Thanks,

Sam
 

accooper

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No data that I know of. But I have been told by John who has used it a lot longer than I that you really don't want to do any bonding with it.

Andrew
 

JAL3

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No data that I know of. But I have been told by John who has used it a lot longer than I that you really don't want to do any bonding with it.

Andrew
I don't know about the advisability of using it for bonding one way or the other. I don't use it for bonding because it seems easier to use regular white or yellow. I just use this stuff for the fairing.
 

accooper

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I would go with what John says as he has been using it longer than I.

Andrew
 

luke strawwalker

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I don't get credit for this.

I found out about it from Luke Strawwalker.

I remain in his debt for it.
:blush:

Well, I got it from someone here on the boards, here or at YORF or RP...

I tried it out really quick and I found it to be about the best thing I've seen since CA... better in a lot of ways. I used to use quite a bit of CA in model railroading but with rockets, not so much. I've found it's negatives generally outweigh it's positives, for rocket use anyway...

UNLESS you're talking about using it to harden balsa, THEN I'm 110% supportive of CA.

I'm glad the CA tacking of your fins is working for you AC. I would like to make one suggestion...

Give the "double glue joint" a try and lemme know what you think. If you don't want to try it on an actual kit, glue some spare balsa 'fins' (bits of scrap) to a piece of scrap rocket tubing, or a paper towel tube. I REALLY think you'll like it!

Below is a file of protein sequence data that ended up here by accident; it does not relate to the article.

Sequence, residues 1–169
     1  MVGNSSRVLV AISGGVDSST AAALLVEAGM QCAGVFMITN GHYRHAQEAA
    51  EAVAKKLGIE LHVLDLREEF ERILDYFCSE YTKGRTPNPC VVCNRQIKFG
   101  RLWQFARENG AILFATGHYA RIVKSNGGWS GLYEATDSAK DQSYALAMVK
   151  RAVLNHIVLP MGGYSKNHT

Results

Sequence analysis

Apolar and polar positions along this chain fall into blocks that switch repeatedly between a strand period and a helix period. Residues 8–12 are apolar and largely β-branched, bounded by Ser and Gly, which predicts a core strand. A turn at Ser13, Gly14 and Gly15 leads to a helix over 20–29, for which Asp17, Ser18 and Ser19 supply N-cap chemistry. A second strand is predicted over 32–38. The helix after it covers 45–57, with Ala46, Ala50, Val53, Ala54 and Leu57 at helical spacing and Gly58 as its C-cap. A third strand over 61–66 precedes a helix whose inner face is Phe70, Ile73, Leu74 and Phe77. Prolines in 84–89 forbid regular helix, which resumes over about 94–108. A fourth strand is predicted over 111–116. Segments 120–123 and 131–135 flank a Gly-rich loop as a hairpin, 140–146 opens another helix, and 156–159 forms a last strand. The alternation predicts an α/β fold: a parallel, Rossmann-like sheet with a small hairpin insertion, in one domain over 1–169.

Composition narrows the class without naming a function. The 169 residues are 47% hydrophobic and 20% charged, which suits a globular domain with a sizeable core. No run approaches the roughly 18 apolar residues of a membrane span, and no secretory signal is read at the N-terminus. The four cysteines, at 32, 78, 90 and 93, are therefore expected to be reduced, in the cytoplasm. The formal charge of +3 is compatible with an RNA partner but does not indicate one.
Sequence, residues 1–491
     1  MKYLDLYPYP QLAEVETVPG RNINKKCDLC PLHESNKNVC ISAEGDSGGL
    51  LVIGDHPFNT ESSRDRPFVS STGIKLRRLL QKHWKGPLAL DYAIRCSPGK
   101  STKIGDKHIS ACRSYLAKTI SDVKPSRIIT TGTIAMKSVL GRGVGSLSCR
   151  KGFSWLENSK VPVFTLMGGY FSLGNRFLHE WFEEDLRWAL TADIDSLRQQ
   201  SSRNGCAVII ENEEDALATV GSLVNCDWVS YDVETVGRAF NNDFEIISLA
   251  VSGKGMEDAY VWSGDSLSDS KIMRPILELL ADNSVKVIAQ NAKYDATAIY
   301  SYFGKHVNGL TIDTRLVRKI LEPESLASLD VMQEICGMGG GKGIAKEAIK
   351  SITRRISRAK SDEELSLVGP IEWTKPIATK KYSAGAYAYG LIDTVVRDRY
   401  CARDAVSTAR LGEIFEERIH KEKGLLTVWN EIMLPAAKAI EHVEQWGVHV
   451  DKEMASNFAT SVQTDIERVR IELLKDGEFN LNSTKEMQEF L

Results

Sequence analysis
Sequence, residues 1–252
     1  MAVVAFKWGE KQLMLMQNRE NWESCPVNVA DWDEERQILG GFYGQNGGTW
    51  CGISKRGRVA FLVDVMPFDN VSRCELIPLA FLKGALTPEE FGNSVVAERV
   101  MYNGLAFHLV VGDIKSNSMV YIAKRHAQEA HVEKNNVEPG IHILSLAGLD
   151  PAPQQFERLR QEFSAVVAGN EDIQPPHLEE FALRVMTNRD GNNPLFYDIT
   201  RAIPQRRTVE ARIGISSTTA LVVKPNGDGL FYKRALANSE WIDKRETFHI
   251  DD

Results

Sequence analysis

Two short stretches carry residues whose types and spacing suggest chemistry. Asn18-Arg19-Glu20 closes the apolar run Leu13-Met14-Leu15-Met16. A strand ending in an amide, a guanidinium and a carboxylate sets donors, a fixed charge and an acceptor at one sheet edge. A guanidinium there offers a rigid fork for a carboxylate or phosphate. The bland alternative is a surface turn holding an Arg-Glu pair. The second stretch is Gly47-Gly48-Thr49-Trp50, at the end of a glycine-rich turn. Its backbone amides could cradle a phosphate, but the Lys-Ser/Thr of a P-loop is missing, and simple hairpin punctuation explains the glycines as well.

I first read about it in G. Harry Stine's "Handbook of Model Rocketry", the "Bible" of the hobby.... back in junior high I read that thing cover to cover probably two dozen times at least. And again in high school... so much so that the school library's copy got 'lost' somewhere in my stuff and I had to pay to replace it-- when I found it a few months later I kept it, since it wasn't in print at the time... at least from vendors I could access... anyway, I absorbed everything in there, but I glossed over the 'double glue joint' and brushed it aside as 'old school nonsense'... how could putting glue on the root edge of the fin and on the tube line, letting it DRY, and then putting a second swipe of glue on them both AGAIN and THEN joining the fin to the tube POSSIBLY be stronger or FASTER than slobbering on a thick gooey layer of Elmer's carpenter's glue and propping the rocket and fin up overnight to dry, hoping it stayed straight and the glue didn't run into rivers and pools of crust like solidified liquid-hot MAG-MA... (to quote Dr. Evil :dark:)